By Jean Armstrong (auth.)
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40 Chapter 31 Summary Scout leads Boo into Jem's room so that he can 'say' goodnight to him, and she encourages him to pet Jem when he seems wary of doing so. Boo asks Scout if she will take him home and she does so, making him take her arm so that it would seem to any onlooker that he was escorting her, not the other way round. Scout stands on the Radley porch and surveys the street from Boo's vantage point, seeing what he must have seen over the past two years, looking out from behind his shutters.
After the ladies' comments that negroes are either immoral or ineducable, Atticus' respect for Calpurnia is here deeply ironic. She is the only person Atticus can turn to for help in his difficult and delicate task. Chapter 25 Summary Jem orders Scout to put the roly-poly she has found outside where it belongs instead of crushing it as she intended. Scout views this as yet another sign that Jem is changing and she observes that it is he who is becoming more like a girl, not herself. Dill has returned to Meridian now the summer holidays are over and Scout recalls his description of Helen's reaction to her husband's death.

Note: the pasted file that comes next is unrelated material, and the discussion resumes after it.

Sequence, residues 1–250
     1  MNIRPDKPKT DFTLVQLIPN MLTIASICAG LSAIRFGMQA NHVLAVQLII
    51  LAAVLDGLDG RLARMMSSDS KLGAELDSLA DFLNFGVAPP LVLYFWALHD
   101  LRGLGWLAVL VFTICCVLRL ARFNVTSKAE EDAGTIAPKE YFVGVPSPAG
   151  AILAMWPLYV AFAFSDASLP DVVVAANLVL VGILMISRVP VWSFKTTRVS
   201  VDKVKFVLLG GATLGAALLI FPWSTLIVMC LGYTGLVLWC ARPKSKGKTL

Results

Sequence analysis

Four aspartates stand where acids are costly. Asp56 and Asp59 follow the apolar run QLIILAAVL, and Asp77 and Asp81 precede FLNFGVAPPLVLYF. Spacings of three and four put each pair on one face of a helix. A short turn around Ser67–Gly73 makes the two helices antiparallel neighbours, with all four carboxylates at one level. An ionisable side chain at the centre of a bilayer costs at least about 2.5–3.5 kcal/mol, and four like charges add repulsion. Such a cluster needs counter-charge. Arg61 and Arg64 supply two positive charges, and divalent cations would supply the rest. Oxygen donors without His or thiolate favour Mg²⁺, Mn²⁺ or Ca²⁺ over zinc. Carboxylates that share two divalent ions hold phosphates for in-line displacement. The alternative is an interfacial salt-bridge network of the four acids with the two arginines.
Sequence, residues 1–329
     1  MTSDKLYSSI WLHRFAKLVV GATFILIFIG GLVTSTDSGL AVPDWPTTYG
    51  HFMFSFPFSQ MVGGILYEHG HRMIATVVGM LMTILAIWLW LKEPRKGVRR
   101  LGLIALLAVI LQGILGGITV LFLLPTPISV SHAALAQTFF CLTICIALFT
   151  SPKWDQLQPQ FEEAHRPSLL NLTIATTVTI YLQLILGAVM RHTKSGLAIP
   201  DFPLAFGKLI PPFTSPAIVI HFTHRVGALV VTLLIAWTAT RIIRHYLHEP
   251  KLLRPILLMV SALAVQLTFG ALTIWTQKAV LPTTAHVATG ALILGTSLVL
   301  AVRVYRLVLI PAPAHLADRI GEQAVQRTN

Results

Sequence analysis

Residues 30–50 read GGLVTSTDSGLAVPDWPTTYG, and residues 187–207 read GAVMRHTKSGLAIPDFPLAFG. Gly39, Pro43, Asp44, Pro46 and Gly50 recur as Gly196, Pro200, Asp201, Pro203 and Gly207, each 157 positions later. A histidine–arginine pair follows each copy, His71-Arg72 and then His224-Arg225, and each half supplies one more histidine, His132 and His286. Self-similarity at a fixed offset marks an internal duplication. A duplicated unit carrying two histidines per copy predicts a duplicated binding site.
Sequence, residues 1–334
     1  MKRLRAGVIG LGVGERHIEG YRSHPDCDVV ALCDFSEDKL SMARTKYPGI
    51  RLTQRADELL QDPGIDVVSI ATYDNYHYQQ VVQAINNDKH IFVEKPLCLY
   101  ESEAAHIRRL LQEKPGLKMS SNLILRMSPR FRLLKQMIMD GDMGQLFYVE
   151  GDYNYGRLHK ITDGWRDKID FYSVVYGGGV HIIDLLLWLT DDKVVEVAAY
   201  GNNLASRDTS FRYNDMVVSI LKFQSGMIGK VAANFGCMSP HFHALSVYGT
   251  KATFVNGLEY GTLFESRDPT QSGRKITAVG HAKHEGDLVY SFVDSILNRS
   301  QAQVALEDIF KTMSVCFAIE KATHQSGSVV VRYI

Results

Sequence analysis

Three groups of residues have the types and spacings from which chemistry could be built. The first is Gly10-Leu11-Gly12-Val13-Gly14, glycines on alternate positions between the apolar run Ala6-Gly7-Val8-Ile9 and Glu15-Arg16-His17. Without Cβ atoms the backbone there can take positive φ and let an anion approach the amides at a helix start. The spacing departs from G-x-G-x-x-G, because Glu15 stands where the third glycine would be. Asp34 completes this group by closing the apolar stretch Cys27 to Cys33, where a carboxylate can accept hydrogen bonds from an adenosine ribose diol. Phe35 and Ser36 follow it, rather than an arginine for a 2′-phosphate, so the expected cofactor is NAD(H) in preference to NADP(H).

It is because Mr Gilmer bullies Tom and puts him into a corner that Tom makes the mistake of admitting he felt sorry for Mayella, an answer extremely offensive to the white community. To them it does not suggest kindness or good nature, but an insulting disrespect. How dare a negro feel sorry for a white girl, even if she is as lonely as Mayella, lives among pigs and belongs nowhere, like a 'mixed' child. Tom was probably the only person who had ever been kind to Mayella and yet, Scout tells us, 'when she stood up she looked at him as if he were the dirt beneath her feet'.
To Kill a Mockingbird by Harper Lee by Jean Armstrong (auth.)